The Most Holy Fathers your predecessors gave careful heed to these things and bestowed many favours and numerous privileges on this same kingdom and people, as being the special charge of the Blessed Peter's brother. Thus our nation under their protection did indeed live in freedom and peace up to the time when that mighty prince the King of the English, Edward, the father of the one who reigns today, when our kingdom had no head and our people harboured no malice or treachery and were then unused to wars or invasions, came in the guise of a friend and ally to harass them as an enemy. The deeds of cruelty, massacre, violence, pillage, arson, imprisoning prelates, burning down monasteries, robbing and killing monks and nuns, and yet other outrages without number which he committed against our people, sparing neither age nor sex, religion nor rank, no one could describe nor fully imagine unless he had seen them with his own eyes.

But from these countless evils we have been set free, by the help of Him Who though He afflicts yet heals and restores, by our most tireless Prince, King and Lord, the Lord Robert. He, that his people and his heritage might be delivered out of the hands of our enemies, met toil and fatigue, hunger and peril, like another Macabaeus or Joshua and bore them cheerfully. Him, too, divine providence, his right of succession according to or laws and customs which we shall maintain to the death, and the due consent and assent of us all have made our Prince and King. To him, as to the man by whom salvation has been wrought unto our people, we are bound both by law and by his merits that our freedom may be still maintained, and by him, come what may, we mean to stand. Yet if he should give up what he has begun, and agree to make us or our kingdom subject to the King of England or the English, we should exert ourselves at once to drive him out as our enemy and a subverter of his own rights and ours, and make some other man who was well able to defend us our King; for, as long as but a hundred of us remain alive, never will we on any conditions be brought under English rule. It is in truth not for glory, nor riches, nor honours that we are fighting, but for freedom — for that alone, which no honest man gives up but with life itself.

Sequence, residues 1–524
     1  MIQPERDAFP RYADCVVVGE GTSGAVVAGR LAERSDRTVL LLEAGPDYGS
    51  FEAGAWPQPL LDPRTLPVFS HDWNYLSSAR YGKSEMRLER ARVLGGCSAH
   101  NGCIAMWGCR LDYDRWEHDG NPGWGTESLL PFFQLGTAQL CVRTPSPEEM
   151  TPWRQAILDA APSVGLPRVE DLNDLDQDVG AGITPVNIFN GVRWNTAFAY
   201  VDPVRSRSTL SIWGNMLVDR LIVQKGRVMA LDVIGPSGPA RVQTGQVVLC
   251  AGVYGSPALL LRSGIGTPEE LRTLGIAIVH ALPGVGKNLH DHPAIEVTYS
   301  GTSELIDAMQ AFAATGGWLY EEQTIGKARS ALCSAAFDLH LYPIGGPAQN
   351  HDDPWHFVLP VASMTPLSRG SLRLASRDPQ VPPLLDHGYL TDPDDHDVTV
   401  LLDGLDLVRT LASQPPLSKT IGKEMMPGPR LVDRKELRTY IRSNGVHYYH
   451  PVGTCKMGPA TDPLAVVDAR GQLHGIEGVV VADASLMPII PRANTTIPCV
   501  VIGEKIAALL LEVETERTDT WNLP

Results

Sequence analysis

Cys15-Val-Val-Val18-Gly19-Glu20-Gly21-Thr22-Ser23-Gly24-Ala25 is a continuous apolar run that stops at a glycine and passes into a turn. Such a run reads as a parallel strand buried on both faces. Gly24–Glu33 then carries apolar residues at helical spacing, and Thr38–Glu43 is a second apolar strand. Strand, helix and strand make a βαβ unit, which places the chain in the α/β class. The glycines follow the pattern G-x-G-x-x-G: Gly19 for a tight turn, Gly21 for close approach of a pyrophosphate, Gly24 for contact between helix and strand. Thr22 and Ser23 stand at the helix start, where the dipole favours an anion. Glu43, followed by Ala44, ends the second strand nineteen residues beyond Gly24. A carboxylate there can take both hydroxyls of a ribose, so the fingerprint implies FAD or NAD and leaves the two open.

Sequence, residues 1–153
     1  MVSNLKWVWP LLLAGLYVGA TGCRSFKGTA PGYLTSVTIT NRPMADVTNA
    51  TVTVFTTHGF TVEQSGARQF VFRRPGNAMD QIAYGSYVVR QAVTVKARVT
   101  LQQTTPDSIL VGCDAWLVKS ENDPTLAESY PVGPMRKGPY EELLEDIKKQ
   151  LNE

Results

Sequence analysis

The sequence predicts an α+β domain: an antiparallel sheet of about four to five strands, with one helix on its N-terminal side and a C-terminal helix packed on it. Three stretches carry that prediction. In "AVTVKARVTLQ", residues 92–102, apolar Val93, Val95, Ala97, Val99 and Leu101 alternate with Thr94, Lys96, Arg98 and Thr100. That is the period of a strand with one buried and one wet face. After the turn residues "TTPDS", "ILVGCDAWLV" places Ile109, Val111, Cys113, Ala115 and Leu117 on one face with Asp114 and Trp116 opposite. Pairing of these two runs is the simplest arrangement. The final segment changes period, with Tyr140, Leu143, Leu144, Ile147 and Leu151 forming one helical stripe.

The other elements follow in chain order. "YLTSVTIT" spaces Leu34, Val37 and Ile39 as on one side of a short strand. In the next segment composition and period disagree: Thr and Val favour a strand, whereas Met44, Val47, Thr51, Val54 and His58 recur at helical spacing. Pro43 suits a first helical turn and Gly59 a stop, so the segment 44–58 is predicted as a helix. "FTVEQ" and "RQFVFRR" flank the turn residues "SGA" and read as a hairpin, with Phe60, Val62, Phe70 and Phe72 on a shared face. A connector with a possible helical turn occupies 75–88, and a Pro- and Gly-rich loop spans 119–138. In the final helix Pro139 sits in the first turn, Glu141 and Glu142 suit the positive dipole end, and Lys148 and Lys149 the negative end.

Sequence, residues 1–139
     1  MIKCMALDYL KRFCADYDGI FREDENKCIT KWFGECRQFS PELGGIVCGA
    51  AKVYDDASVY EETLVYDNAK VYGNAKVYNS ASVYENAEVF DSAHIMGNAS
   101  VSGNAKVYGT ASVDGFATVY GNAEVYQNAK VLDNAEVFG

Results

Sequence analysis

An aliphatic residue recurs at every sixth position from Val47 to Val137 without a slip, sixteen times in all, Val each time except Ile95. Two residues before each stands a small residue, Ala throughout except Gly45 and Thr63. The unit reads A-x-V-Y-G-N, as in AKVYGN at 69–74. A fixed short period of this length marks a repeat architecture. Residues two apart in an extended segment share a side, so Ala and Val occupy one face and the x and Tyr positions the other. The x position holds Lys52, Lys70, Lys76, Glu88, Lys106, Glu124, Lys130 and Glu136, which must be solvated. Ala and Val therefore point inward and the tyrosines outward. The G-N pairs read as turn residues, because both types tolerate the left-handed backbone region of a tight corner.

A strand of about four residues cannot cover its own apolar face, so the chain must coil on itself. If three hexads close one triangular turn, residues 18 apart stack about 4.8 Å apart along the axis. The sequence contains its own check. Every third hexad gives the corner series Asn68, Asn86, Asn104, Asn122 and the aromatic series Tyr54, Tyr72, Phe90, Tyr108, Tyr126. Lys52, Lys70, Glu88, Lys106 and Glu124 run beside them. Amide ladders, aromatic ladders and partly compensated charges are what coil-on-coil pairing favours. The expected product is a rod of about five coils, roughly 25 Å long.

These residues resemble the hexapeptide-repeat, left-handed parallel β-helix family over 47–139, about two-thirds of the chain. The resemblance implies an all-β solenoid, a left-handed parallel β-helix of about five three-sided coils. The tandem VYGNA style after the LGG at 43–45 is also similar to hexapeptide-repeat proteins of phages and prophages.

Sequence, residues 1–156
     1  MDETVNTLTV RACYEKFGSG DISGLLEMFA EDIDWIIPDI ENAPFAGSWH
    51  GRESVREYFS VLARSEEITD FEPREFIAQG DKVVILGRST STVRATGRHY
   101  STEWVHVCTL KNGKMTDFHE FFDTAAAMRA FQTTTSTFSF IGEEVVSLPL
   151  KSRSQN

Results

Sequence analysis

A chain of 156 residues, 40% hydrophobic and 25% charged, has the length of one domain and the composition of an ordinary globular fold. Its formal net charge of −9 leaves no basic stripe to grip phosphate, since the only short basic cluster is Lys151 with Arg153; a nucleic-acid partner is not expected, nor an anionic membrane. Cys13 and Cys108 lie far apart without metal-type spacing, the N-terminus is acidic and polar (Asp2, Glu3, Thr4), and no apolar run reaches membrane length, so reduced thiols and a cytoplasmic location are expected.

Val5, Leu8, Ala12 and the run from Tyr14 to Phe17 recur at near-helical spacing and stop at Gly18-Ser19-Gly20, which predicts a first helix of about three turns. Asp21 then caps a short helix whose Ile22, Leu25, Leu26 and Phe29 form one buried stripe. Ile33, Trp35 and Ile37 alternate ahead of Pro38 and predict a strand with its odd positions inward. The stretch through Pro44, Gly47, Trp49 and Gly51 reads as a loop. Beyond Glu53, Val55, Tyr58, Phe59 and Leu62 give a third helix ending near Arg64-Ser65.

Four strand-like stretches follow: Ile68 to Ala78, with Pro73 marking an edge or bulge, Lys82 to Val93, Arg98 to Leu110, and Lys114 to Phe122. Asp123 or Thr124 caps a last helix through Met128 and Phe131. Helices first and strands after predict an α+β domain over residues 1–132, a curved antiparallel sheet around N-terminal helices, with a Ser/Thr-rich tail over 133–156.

Therefore it is, Reverend Father and Lord, that we beseech your Holiness with our most earnest prayers and suppliant hearts, inasmuch as you will in your sincerity and goodness consider all this, that, since with Him Whose vice-gerent on earth you are there is neither weighing nor distinction of Jew and Greek, Scotsman or Englishman, you will look with the eyes of a father on the troubles and privation brought by the English upon us and upon the Church of God. May it please you to admonish and exhort the King of the English, who ought to be satisfied with what belongs to him since England used once to be enough for seven kings or more, to leave us Scots in peace, who live in this poor little Scotland, beyond which there is no dwelling-place at all, and covet nothing but our own. We are sincerely willing to do anything for him, having regard to our condition, that we can, to win peace for ourselves. This truly concerns you, Holy Father, since you see the savagery of the heathen raging against the Christians, as the sins of Christians have indeed deserved, and the frontiers of Christendom being pressed inward every day; and how much it will tarnish your Holiness's memory if (which God forbid) the Church suffers eclipse or scandal in any branch of it during your time, you must perceive. Then rouse the Christian princes who for false reasons pretend that they cannot go to help of the Holy Land because of wars they have on hand with their neighbours. The real reason that prevents them is that in making war on their smaller neighbours they find quicker profit and weaker resistance. But how cheerfully our Lord the King and we too would go there if the King of the English would leave us in peace, He from Whom nothing is hidden well knows; and we profess and declare it to you as the Vicar of Christ and to all Christendom. But if your Holiness puts too much faith in the tales the English tell and will not give sincere belief to all this, nor refrain from favouring them to our prejudice, then the slaughter of bodies, the perdition of souls, and all the other misfortunes that will follow, inflicted by them on us and by us on them, will, we believe, be surely laid by the Most High to your charge.

To conclude, we are and shall ever be, as far as duty calls us, ready to do your will in all things, as obedient sons to you as His Vicar; and to Him as the Supreme King and Judge we commit the maintenance of our cause, casting our cares upon Him and firmly trusting that He will inspire us with courage and bring our enemies to nought. May the Most High preserve you to his Holy Church in holiness and health and grant you length of days.

Given at the monastery of Arbroath in Scotland on the sixth day of the month of April in the year of grace thirteen hundred and twenty and the fifteenth year of the reign of our King aforesaid.

Endorsed: Letter directed to our Lord the Supreme Pontiff by the community of Scotland.

Dunbar Motto
Dunbar Firmior quo paratior The more prepared, the stronger
Dunbar Fortis et fidelis Brave and faithful
Dunbar Impromptu In readiness
Dunbar In promptu In readiness
Dunbar Olet et sanat It smells sweet and heals
Dunbar Ornat fortem prudentia Prudence adorns the brave
Dunbar Prœcipitatus attamen tutus Cast down, yet safe
Dunbar Sapiens non eget The wise man never wants
Dunbar Sapit qui laborat He is wise who exerts himself
Dunbar Spes dabit auxilium Hope will lend aid
Dunbar Sub spe Under hope